I would hate to see another generation of soldiers go through the same hell as I. So I thank you for bringing attention to this situation. It goes much farther than even psychological damage. I, for all outward appearances have suffered no psychological damage (what I do have I handle), however, physically, the hypothalamus, which sits at the base of your brain, controls the entire endocrine system. Since my injuries I have not only experienced massive weight gain (from 170 to 300+ pounds), but severe allergies, asthma, hypopituitarism, hypogonadism, hypothyroidism, and other endocrine related maladies. This doesn’t take into account the stress my added weight has placed on my joints. What is the VA’s answer? 10% for hypothyroidism, 10% for each knee, 0% for my other maladies, and 50% for -get this- Sleep Apnea caused my obeisty.

    So I thank you for articles such as these. Knowledge is power.

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  7. Hello Friend,

    I am interested in providing encouragement to our veterans and the soldiers who have been wounded while protecting our great country. Additionally, I am interested in providing practical information and insight to assist their families. My name is Craig J. Phillips. I am an alumnus of Oral Robert’s University Class of 1985, an alumnus of the University of Kentucky, graduate program in Rehabilitation Counseling Class of 1990, and a traumatic brain injury survivor. I sustained an open skull fracture with right frontal lobe damage and remained in a coma for 3 weeks at the age of 10 in August of 1967. I underwent brain and skull surgery after waking from the coma. Follow-up cognitive and psyche / social testing revealed that I would not be able to succeed academically beyond high school. In 1967 Neurological Rehabilitation was not available to me, so I had to teach myself how to walk, talk, read, write and speak in complete sentences. I completed high school on time and went on to obtain both my undergraduate and graduate degrees. For an in depth view of my process please read my post,

    Through out my lifetime I developed strategies to overcome many obstacles and in so doing I have achieved far beyond all reasonable expectations. On February 6, 2007 at the encouragement of a friend I created Second Chance to Live. Second Chance to Live, which is located at presents topics in such a way to encourage, motivate and empower the reader to live life on life’s terms. I believe our circumstances are not meant to keep us down, but to build us up. As a traumatic brain injury survivor, I speak from my experience, strength and hope. As a professional, I provide information to encourage, motivate and empower both disabled and non-disabled individuals to not give up on their process. Please read my post,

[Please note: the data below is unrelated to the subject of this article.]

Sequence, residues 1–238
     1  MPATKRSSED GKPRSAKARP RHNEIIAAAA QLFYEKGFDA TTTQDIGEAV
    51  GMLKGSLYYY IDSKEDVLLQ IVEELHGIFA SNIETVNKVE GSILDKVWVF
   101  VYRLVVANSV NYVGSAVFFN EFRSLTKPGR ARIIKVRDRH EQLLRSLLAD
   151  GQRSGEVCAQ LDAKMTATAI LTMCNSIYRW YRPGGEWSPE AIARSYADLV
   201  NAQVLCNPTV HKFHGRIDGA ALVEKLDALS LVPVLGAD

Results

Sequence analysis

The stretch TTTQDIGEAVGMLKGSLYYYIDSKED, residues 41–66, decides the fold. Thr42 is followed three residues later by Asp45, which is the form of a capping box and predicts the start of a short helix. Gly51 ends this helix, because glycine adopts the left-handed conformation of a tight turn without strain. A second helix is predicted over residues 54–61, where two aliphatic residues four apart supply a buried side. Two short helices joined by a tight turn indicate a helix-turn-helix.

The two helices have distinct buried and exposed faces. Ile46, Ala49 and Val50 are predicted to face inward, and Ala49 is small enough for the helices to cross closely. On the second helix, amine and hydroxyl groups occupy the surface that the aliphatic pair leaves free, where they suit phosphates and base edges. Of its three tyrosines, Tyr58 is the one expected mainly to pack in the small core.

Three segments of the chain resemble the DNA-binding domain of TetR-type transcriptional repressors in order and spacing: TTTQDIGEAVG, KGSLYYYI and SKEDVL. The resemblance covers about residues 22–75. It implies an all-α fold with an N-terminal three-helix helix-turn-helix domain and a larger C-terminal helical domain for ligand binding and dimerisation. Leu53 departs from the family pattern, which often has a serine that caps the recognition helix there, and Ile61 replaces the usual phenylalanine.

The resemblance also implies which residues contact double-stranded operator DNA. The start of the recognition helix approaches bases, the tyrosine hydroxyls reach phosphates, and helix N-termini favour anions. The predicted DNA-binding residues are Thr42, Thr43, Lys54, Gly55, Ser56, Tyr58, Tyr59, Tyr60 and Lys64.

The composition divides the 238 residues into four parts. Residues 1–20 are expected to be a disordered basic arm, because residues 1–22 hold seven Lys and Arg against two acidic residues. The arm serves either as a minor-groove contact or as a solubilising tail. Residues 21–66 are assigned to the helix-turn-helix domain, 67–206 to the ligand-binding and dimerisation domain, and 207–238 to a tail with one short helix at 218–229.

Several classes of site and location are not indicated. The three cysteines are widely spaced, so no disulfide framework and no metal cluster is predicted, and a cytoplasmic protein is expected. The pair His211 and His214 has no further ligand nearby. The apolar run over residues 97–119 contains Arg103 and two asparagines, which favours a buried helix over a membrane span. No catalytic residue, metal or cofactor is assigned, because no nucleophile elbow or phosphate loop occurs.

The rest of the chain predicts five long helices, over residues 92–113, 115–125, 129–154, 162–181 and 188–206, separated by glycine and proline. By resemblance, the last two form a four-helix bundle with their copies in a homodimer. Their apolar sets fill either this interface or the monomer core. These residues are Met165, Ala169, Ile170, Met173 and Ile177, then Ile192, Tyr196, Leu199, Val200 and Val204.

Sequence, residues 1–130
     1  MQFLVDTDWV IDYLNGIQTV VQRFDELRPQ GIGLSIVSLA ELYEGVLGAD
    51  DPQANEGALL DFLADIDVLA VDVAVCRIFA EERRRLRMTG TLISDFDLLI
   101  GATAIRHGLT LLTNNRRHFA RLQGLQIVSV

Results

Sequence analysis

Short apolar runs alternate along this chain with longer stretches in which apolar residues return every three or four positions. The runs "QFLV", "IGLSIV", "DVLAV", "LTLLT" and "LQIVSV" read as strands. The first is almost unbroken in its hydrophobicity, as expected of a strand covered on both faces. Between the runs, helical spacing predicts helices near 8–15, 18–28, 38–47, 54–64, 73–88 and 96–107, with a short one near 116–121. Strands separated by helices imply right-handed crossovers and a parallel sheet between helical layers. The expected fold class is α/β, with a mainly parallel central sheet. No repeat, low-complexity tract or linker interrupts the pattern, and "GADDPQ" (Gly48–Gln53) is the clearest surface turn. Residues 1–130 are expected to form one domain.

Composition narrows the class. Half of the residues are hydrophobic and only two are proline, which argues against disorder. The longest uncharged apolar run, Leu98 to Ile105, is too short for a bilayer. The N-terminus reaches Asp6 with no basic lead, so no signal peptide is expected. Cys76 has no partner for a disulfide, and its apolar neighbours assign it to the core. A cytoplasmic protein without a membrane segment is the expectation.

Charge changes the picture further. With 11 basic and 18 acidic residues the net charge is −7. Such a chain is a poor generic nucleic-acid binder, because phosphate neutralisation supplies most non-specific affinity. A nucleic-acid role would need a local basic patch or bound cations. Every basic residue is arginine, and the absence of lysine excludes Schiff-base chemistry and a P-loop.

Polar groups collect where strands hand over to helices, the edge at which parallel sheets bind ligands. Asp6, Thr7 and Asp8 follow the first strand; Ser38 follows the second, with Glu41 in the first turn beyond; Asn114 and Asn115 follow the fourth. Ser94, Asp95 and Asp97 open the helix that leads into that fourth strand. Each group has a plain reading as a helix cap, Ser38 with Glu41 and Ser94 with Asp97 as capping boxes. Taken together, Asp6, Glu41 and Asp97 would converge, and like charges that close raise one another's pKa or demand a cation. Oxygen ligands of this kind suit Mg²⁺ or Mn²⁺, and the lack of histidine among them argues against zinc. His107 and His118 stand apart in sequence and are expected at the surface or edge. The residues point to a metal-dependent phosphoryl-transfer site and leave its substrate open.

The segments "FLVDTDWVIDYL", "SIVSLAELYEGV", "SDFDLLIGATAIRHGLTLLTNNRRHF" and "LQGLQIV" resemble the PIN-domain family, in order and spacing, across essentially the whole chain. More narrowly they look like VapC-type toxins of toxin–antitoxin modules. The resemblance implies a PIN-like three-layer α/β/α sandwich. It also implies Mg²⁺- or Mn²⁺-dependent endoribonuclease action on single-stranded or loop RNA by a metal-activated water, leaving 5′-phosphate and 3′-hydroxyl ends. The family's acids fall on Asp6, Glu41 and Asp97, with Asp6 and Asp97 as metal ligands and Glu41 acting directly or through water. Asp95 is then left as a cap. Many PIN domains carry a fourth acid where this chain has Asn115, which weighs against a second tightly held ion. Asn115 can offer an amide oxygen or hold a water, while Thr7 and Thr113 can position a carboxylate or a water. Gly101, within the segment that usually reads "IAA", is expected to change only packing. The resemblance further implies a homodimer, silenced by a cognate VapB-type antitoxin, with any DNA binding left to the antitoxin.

My interest is to provide encouragement, hope, motivation and empowerment to survivors and their families. Please encourage your readers to visit Second Chance to Live at and consider adding Second Chance to Live to your web site as a useful resource and placing a notice in your newsletter.
    Thank you for your time and kindness.

    Have a simply phenomenal day!
    Craig J. Phillips MRC, BA
    Second Chance to Live

    Our circumstances are not meant to keep us down, but to build us up!

    Note: I recently found out that Second Chance to Live has been published by the European Brain Injury Society E.B.I.S. with in their Autumn 2007 Newsletter in both French and English. Specifically, My Journey thus Far has been printed. I am encouraged by the growing global interest of the material presented in Second Chance to Live and wanted to share the good news with you.

    My article, Traumatic Brain Injury and Displaced Energy has been published by the Brain Injury Association of Niagara, Newsletter January 2008

    Virginia Commonwealth University’s Department of Physical Medicine & Rehabilitation Neuropsychology My Journey thus Far, TBI Today Volume 6 Issue I — winter 2008 issue News, Ideas and Resources from the Virginia TBI Model System

    As of Thursday, February 21, Second Chance to Live started receiving ongoing visits from the Department of Veteran’s Administration via their offices located throughout the United States.

    I am available for speaking engagements, conferences and seminars. My message is to encourage the faint hearted, to hold up the arms of the weary and to empower people to dream again. In the event that you know of groups, churches or organizations that could benefit from my experience, strength and hope please let them know about Second Chance to Live.

    Thank you!

  8. In response to Wayne Wood’s posting. I am 2 years out from a head injury and am having to buy new pants each season. Prior to my injury I was one of those that had to work to keep the weight on & now….it’s quite different. I have just recently thought that it has got to be connected to my head injury. So, thank you for your posting. I will investigate the hypothalamus theory. Seems possible, in that my brain stem was also injured & I think they may be located quite close. Thank you!